Mourning Dove


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Mourning Dove (b. Humishima or Christine Quintasket)

(1888–1936) Okanogan/Colville writer, activist; born in Bonner's Ferry, Ida. A migrant worker in Washington most of her adult life, she wrote one of the few early novels by a Native American woman, Cogewea, the Half-Blood (1927), as well as Coyote Stories (1933). She also cofounded the Colville Indian Council (1930) and in 1935 became the first woman elected to the Colville Tribal Council.
References in periodicals archive ?
the infinite varieties of rationalization, glorifying conquest and wars as a `civilizing' process, consciously and subconsciously have tortured the American literary conscience and embedded the image of the Indian even more deeply and inextricably in the American literary imagination.(6) Mourning Dove is fully aware of this literary image of the Indian as stoic, passive, and, ultimately powerless, and wishes to replace it with a more accurate image in the minds of literary America.
(1) whether Mourning Dove nvtmbers change between the start (November) and end (March) of the winter season, in Jalisco; (2) what the differences in Mourning Dove abundance may be between the different biogeographic zones of the state of Jalisco, and (3) whether there were any population trends between the 2004/05 and 2016/17 winter seasons.
The mourning dove covers the largest range and is found in almost all regions of the continent.
We had seen and heard mourning doves outside our house before.
The Mourning dove (Zenaida macroura L.) is an abundant species ranging from the south of Canada and United States to the south of Mexico and West Indies (Antilles).
The morning had passed slowly, another ho-hum morning of nothing save a plethora of juncos, chickadees, two cardinals, some blue jays, several Carolina wrens and a lonely mourning dove that should have been gone to Texas months ago.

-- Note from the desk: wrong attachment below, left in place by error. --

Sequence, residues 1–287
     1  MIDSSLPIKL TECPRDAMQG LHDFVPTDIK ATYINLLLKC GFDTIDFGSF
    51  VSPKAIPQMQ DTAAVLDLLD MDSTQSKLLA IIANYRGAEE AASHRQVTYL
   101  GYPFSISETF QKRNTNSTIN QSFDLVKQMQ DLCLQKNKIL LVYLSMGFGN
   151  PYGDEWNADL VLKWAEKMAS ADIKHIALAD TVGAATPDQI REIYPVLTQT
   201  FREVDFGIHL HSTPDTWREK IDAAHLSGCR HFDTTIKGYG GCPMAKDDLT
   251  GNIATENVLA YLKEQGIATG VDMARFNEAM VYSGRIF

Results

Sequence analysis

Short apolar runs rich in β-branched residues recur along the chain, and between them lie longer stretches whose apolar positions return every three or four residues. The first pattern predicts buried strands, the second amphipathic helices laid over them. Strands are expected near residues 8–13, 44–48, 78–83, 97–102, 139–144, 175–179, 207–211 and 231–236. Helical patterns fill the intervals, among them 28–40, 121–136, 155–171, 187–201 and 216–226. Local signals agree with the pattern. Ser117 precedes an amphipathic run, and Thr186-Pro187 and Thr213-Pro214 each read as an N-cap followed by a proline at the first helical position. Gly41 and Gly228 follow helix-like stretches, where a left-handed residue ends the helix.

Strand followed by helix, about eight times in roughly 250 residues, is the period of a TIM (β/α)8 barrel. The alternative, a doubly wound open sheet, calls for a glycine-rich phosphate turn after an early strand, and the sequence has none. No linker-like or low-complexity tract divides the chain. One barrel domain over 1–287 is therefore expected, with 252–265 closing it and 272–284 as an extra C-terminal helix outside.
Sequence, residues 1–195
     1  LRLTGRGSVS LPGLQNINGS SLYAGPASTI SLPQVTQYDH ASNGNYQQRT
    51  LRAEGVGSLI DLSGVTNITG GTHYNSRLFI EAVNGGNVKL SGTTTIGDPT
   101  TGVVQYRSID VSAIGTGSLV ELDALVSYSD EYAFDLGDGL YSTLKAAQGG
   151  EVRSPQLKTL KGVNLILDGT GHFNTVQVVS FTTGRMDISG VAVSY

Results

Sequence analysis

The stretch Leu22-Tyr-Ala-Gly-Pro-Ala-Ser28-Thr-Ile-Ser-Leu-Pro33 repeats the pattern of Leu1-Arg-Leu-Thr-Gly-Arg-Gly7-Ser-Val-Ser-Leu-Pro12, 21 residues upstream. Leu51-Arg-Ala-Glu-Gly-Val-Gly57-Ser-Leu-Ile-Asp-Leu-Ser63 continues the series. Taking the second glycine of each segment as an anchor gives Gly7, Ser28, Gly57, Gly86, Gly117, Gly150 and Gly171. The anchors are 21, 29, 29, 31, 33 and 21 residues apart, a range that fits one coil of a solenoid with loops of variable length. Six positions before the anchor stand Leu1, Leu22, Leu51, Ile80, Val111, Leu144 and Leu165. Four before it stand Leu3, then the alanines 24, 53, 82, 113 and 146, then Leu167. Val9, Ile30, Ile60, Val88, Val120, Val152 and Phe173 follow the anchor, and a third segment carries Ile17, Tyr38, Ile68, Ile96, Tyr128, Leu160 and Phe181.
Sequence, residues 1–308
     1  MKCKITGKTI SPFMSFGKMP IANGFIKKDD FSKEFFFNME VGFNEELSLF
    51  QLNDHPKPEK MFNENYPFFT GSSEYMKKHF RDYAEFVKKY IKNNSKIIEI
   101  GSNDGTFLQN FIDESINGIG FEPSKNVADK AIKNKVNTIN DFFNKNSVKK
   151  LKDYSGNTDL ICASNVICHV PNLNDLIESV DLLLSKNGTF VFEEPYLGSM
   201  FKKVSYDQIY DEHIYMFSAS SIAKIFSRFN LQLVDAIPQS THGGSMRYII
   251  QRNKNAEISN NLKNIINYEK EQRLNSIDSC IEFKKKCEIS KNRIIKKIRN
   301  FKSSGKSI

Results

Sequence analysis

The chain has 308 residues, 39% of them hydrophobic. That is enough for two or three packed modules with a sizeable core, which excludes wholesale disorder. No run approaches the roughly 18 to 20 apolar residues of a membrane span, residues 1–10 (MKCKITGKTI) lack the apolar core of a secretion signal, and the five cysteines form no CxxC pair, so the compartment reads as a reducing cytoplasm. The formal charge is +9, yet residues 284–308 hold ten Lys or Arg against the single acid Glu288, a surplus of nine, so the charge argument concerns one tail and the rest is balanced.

In the blink of an eye, the now exceptionally confused mourning dove was snatched up in the prop wash of the mighty Rolls Royce T56-425 engine and hurled down to the deck and straight back-right toward the maws of several Hornets waiting behind the JBDs.
The good news is that the impact of the Eurasian collared-dove, at least for now, seems to be minimal on native species--particularly the mourning dove, a longtime favorite of hunters.
Bartonella species detected in birds * Bird common name Bird species House sparrow Passer domesticus Boat-tailed grackle Quiscalus major Mourning dove Zenaida macroura Herring gulil ([dagger]) Larus argentatus House finch Carpodacus mexicanus Blue jay Cyanocitta cristata Song sparrow Melospiza melodia Northern cardinal Cardinalis cardinalis Northern mockingbird Mimus polyglottos European starling Sturnus vulgaris Red-winged blackbird Agelaius phoeniceus Brown thrasher Toxostoma rufum Tufted titmouse Baeolophus bicolor Red-bellied woodpecker Melanerpes carolinus Common grackle Quiscalus quiscula Common loon ([dagger]) Gavia immer Red-headed woodpecker Melanerpes erythrocephalus Brown pelican ([dagger]) Pelicanus occidentalis Collared dove Streptopelia decaocto No.
This anxiety is encoded, Piatote demonstrates, in Mourning Dove's Cogewea as the title character is threatened with the loss of her land by an unscrupulous white suitor.
Phylogenetic analyses showed that the Anna's hummingbird poxvirus sequence was distinguished as a unique subclade that showed similarities with sequences isolated from ostrich (Struthio camelus), wild turkey (Meleagris gallopavo), falcons (Falco species), black-browed Albatross (Diomedea melanophris), mourning Dove (Zenaida macroura), and white-tailed eagle (Haliaeetus albicilla).
Authors of some of the pieces include Mourning Dove, Gertrude Bonnin, Pauline Johnson and Maurice Kenny.